The other form of mirage is what we know to be a barrel or a suppressor of mirage. This also happens for hunters nearby, as heatwaves emanate from the fuselage or the abolisher itself. Mirages can be corrected by letting the rifle cooldown by popping off some rounds or by placing an anti-mirage shield or band.

Getting the riflescope serviced

You have checked all the possible reasons why my riflescope is blurry but still haven’t able to resolve it. One of the simplest reasons, why you are not getting a clear-cut image could be that your lens or the riflescope may be damaged. 

You would either need to get it serviced by the manufacturer or get it replaced, depending on the severity of the damage. 

For example, if you own older Weaver, older Redfield, or older Leatherwood scopes, Iron Sight specializes in repairing the above-mentioned brands.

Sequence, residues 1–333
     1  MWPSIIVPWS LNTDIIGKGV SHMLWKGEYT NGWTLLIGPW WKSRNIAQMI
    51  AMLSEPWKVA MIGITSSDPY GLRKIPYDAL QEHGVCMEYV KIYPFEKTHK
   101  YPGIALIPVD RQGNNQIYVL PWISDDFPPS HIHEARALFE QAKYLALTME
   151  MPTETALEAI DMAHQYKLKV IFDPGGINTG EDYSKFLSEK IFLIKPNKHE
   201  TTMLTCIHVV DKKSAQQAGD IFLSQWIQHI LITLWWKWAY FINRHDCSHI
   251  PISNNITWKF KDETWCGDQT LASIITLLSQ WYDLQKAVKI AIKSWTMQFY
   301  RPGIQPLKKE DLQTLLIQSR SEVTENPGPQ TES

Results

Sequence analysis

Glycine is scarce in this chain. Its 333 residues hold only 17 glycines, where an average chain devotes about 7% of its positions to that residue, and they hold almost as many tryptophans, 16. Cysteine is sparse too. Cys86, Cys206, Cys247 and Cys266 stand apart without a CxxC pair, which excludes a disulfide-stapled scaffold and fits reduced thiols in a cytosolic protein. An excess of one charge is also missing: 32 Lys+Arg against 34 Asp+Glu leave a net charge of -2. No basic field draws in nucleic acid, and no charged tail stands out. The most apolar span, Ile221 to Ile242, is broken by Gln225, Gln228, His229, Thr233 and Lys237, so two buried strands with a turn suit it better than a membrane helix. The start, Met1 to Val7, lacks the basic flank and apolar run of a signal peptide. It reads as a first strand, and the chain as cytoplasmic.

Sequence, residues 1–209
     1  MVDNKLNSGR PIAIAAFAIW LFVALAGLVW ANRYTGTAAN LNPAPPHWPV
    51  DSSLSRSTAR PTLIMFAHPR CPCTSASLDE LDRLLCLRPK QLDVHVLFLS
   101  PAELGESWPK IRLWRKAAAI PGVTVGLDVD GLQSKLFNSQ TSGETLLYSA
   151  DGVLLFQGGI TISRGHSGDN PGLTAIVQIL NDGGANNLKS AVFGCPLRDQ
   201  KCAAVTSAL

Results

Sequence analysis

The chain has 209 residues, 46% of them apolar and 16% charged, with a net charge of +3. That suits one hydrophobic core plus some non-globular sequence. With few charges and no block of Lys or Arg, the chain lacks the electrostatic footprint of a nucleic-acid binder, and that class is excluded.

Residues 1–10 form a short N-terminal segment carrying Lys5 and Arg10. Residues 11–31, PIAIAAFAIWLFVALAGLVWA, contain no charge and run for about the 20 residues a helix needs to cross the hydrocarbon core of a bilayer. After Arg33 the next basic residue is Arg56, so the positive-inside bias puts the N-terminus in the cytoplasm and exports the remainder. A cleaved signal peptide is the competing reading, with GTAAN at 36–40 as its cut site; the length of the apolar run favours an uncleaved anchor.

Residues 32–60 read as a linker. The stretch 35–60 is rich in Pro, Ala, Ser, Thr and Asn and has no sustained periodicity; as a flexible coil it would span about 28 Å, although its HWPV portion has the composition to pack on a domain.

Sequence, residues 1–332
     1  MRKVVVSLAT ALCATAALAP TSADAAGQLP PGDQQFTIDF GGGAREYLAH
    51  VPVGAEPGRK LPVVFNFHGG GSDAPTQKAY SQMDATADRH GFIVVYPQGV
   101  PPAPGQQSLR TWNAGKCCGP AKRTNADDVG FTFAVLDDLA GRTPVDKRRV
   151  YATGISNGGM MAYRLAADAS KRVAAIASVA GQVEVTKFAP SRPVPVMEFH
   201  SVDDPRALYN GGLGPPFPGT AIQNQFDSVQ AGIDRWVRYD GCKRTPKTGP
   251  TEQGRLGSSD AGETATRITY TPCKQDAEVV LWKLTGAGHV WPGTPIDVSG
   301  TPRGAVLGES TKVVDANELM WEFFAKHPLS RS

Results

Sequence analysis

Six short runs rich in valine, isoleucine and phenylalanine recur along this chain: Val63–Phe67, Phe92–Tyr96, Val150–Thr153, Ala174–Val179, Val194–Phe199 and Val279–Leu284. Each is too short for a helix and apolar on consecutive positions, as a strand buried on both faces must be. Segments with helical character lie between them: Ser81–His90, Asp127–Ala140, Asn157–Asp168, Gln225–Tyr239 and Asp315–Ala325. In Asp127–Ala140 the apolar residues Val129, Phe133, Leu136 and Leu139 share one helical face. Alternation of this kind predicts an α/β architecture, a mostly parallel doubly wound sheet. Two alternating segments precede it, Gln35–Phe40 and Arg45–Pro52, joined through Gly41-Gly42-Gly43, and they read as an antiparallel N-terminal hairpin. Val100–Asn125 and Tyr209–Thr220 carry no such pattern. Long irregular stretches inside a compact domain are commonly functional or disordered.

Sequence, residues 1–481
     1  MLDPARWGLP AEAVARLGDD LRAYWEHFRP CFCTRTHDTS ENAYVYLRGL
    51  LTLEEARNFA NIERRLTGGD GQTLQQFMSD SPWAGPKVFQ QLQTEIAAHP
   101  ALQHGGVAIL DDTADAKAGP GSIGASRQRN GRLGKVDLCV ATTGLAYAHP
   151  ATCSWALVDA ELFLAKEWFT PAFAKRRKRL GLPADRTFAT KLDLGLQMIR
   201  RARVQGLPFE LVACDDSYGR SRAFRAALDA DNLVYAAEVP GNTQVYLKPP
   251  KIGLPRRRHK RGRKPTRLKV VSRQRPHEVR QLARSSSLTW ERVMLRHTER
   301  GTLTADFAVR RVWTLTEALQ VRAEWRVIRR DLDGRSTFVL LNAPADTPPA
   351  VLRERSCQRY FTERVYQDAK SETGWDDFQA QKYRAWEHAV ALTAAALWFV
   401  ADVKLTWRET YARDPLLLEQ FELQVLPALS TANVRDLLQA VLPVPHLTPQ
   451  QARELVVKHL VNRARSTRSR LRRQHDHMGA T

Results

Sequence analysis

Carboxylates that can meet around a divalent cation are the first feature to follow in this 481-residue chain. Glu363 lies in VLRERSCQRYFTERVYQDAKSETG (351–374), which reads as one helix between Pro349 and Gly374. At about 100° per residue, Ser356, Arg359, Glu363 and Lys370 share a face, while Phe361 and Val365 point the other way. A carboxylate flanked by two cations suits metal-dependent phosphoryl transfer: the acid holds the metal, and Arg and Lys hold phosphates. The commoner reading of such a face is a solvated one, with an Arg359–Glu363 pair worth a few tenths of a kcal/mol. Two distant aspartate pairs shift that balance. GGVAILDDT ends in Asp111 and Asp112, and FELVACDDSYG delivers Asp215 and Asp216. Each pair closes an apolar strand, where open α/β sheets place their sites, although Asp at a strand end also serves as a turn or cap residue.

Hunting is an enjoyable adventure that can be much more fun if you’re hunting in the right place. It’s all about getting a working rifle for a successful hunting adventure. It wouldn’t be of much use to have a rifle with parts that aren’t working well now, would it?

Dealing with a blurred scope is essentially not a daunting task. It would help you to first understand how your scope functions, which is typically contrary to common opinion. 

For the most part, this will give you an idea of where and what has to be changed. If there’s a problem with the scale of development, there’s practically nothing you can do about it. Ensure that the lens and the focus area in the straight line to get a crisp picture.

Riflescopes are reasonably durable but can be broken if dropped on a hard surface while travelling. The same goes for a scope, which on the other hand is not as strongly built as your rifle. Hence, remember to take extra good care of it while in motion. 

If you have not been able to find and fix the cause of the blur with the information present in this article. There are high chances that your scope is broken or might need services from an expert.